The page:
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“The bond between poetry and place has always been crucial to me,” says instructor Nate Klug. “Nowadays more than ever, when our environments are changing in rapid, complicated ways, we need poetry to remind us how to look at where we are.”
In this course, we will read and write poems that explore place in its different manifestations. We’ll examine the art’s affinities with nature writing, and talk about how modern poetry approaches the city. We will also delve into imaginary zones, places known only by memory and dream.
Lorine Niedecker, Li Po, and Frank O’Hara will be some of the examples we learn from in class. Outside of class, students will work on a new poem each week, from the notebook poem, to the haiku, to more organic responses to place. Drawing inspiration from the diversity of ecosystems here in the Bay Area, we will jump feet-first into creating our own environments of lines, words, and sounds.
Nate Klug earned a BA in English at the University of Chicago and a Masters from Yale Divinity School. He is the author of Rude Woods, a modern translation of Virgil’s Eclogues (The Song Cave, 2013), and Anyone, a book of poems (The University of Chicago Press, 2015). His writing has been supported by the Poetry Foundation, the MacDowell Colony, and the James Merrill House. His poems, translations, and essays can be found in Poetry, Threepenny Review, Image, Kenyon Review, Best American Poetry 2018, and elsewhere. A UCC-Congregationalist minister, Nate has served churches in Connecticut, Iowa, and right here in California.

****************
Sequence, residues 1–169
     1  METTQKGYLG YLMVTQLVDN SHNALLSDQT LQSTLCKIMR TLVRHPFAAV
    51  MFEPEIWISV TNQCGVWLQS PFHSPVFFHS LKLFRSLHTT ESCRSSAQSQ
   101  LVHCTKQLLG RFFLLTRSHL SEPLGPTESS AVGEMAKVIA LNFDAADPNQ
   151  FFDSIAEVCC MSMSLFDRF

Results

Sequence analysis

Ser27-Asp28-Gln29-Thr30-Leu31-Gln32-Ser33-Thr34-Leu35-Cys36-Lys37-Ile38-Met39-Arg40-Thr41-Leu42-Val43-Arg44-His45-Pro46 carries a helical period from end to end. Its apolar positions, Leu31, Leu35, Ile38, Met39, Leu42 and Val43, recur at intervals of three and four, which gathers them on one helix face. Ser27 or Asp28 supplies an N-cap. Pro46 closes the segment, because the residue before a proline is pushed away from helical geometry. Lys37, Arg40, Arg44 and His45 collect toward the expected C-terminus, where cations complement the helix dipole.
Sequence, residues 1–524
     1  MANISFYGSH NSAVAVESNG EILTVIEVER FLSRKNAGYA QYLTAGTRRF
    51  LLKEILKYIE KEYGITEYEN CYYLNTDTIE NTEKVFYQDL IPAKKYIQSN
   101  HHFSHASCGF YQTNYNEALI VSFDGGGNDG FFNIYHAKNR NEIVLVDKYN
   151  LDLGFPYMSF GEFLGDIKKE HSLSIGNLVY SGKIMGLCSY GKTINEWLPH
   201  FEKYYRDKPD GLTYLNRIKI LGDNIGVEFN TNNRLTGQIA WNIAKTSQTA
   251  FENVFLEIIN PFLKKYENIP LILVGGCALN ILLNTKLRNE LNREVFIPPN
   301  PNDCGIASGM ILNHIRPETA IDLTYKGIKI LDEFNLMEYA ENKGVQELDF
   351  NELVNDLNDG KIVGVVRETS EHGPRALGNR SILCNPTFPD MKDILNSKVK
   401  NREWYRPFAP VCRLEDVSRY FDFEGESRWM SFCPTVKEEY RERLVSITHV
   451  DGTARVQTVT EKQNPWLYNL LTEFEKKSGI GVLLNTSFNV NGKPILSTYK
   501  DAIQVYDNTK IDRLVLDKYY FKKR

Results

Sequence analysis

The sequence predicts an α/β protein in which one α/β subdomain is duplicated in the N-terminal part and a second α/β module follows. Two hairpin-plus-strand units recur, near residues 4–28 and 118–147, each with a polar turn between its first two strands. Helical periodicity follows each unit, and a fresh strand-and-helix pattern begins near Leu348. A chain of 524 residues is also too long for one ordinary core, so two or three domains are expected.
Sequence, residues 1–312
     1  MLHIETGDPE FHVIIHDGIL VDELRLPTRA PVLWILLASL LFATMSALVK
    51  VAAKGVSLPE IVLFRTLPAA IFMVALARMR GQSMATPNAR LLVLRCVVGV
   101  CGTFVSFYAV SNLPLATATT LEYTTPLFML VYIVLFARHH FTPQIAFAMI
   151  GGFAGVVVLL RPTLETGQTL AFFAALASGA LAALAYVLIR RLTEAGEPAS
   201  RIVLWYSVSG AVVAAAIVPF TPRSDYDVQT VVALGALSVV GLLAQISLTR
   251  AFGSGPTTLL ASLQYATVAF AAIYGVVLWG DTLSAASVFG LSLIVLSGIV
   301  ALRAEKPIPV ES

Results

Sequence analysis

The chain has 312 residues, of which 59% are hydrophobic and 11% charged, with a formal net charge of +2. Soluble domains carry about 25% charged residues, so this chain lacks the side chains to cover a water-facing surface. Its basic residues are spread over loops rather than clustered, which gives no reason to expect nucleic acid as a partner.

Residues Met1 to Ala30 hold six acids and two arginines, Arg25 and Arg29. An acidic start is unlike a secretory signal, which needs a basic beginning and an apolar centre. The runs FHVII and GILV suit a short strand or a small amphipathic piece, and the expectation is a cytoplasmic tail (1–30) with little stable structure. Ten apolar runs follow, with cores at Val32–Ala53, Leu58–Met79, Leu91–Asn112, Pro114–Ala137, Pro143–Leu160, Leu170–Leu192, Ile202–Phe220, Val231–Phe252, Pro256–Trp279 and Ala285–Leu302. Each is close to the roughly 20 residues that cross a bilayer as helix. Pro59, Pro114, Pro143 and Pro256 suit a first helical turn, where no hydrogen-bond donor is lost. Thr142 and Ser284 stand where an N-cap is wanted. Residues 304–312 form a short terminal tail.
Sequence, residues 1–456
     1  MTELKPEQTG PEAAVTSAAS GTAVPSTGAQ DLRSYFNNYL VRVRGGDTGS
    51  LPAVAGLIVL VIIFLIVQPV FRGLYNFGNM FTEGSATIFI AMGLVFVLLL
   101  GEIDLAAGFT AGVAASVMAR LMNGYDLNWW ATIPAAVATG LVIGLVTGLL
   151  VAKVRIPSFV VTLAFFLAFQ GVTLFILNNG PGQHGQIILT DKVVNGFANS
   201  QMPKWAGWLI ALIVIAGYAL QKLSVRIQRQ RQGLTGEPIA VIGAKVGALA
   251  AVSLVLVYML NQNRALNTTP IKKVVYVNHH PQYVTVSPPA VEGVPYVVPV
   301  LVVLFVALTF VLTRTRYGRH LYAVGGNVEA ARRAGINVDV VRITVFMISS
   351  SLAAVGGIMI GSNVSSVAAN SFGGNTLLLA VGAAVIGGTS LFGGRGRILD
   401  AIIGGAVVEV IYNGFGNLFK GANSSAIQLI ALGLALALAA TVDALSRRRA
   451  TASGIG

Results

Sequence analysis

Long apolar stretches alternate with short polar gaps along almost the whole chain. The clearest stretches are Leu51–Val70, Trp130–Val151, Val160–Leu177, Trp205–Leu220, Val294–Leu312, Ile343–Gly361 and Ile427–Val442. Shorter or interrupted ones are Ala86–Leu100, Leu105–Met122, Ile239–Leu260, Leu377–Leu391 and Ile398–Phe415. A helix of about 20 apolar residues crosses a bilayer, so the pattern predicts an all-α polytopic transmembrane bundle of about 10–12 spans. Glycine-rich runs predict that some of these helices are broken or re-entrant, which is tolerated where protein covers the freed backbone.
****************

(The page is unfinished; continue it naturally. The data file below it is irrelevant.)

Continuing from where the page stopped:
- Thursday, April 12, 7:00pm-9:30pm
- Thursday, April 19, 7:00pm-9:30pm
- Thursday, April 26, 7:00pm-9:30pm
- Thursday, May 3, 7:00pm-9:30pm
- Thursday, May 10, 7:00pm-9:30pm
I am very much a beginner poet and am pleased to say that after this class I definitely have felt some growth. Nate is a very thoughtful teacher. He responds genuinely to each student's work and fosters a supportive and constructive community, gently pushing us into domains we might have little experience in or are afraid of. Above all, I really appreciated the wisdom of Nate's relationship with poetry. I think perhaps in all art forms, there can be this mysterious beauty to the beast and I think he really cultivated that for us.